Imagination: Filling in the Unknown

by Chick Moorman

 

I am a cancer survivor who has been cancer free for over ten years. So when I found a lump in the middle of my arm pit this month, I immediately went in and got it checked by my doctor. Before I could get in to see her I googled lump in arm pit and read what I found. I learned lumps in the arm pit can be cancer or several other possibilities. Since the lump in my arm pit had not been officially examined, my imagination was free to fill in the blanks.

Of course I sometimes imagined my lump was cancer. I thought about going through the chemo and radiation ordeal again and how my present life would go on hold while I focused on getting well. No, I didn’t think those thoughts all day long, but they did return to walk through my mind frequently.

My doctor felt my lump and immediately arranged for me to get a cat scan. She told me the odds were 50-50 that the lump was cancerous. I was grateful that the important test was scheduled within two days. During the wait until I found out for sure if my lump was negative or positive, my mind went in many directions.

Shall I give my car to my grandson?

Would anyone want my baseball glove?

My friend will take care of my horse.

When those thoughts came I re-minded (created a new mind) myself that my planning was premature. I hadn't even had the test yet. The negative thoughts returned from time to time as I waited for the test.

After the test? More thoughts.

At least I beat it for ten years.

I’ve had a pretty good life.

Will my kids be able to sell my house quickly?

Good thing I have my trust in order.

I got the call a few hours after the test. Negative. No cancer. Thank you Lord.

Now, a week later, as I reflect on that personal experience I recall how easy it was for my imagination to fill in the unknown. And I'm aware that children do that too. When they don't have all the information their minds supply the unknown.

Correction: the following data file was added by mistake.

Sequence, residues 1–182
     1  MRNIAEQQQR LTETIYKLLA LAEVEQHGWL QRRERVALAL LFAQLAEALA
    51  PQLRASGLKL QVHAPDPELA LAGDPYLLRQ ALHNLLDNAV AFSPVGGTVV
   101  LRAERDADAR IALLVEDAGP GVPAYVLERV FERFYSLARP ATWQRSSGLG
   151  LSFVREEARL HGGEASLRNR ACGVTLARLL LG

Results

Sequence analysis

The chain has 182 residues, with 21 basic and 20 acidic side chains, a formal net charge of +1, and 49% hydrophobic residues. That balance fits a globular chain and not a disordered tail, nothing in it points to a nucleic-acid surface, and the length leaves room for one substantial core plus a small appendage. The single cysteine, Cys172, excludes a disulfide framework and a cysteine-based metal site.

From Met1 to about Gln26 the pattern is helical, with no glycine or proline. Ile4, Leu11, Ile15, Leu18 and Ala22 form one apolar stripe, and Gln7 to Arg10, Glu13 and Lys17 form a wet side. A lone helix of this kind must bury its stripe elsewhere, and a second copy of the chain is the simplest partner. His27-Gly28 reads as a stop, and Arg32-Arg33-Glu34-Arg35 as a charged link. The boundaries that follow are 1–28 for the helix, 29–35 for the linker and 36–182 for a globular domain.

My mother did not often share her feelings. When she was mad she often chose not communicate that she was angry or tell why. She just pretended she wasn't angry. She didn't fool anybody. I knew she was angry. My younger brother knew she was angry. Our father knew she was angry.

Dad: "What's wrong?"

Mom: "I'm fine!"

Dad: "You don't look fine."

Mom: "Nothing is wrong."

Because we did not get accurate information from my mother we filled in the blanks with our imaginations. I figured I must have done something, but I didn't know what it was. My brother thought it was him. I'll bet my dad figured he must be responsible somehow.

Do you get upset and angry with students? Since you work with students most of the day chances are you are going to get upset and frustrated. More important questions than do you get angry is what do you do when you get angry and how do you communicate your anger. When you choose to express negative feelings, how skillfully do you do it? Do you leave any blank spaces for students to fill with their imaginations?

Yes, when you are angry, frustrated, annoyed or furious let your students know. But do it in a way that doesn't wound their spirit, that doesn't attack their character. Do it in a way that doesn't require their imaginations to make up part of the story. How do you do that? Describe, describe, describe.

1. Describe the situation.
2. Describe how you are feeling.
3. Describe the desired outcome.

Example A:

  • I found paint-filled brushes in the sink last night before I went home.
  • I feel angry because it took me another fifteen minutes to clean them before I went home.
  • Paint brushes need to be cleaned before they are placed in the box.

Example B:

  • I see library books lying on the floor open and face down.
  • I feel frustrated because book pages can be folded and ripped that way.
  • Books belong on the shelf lying flat or standing upright.

Example C:

  • I hear gossip.
  • I feel sad because the people that are being talked about aren't here to defend themselves.
  • Talking about others needs to be done when they are present so they can hear what is being said about them.

Example D:

  • I received a note from Mr. Wilson (custodian). He says he found several desks with dried paste on them last night.
  • He felt annoyed because it took him extra time to get our room cleaned.
  • Paste needs to be sponged off the desks when we are cleaning up.

When you describe, describe, describe, there is no guarantee students will immediately respond positively. What is guaranteed is that you will have communicated your anger or irritation in a respectful way that lets students know what you are feeling without shaming or blaming. You will have left no gaps for them to fill with their imaginations. Congratulations.

 

Chick Moorman and Thomas Haller are the coauthors of The Teacher Talk Advantage: Five Voices of Effective Teaching. They are two of the world's foremost authorities on raising responsible, caring, confident children. They publish a free monthly e-zine for educators and another for parents. To sign up for the newsletters or learn more about the seminars they offer teachers and parents, visit their websites today: www.chickmoorman.com and www.thomashaller.com

 

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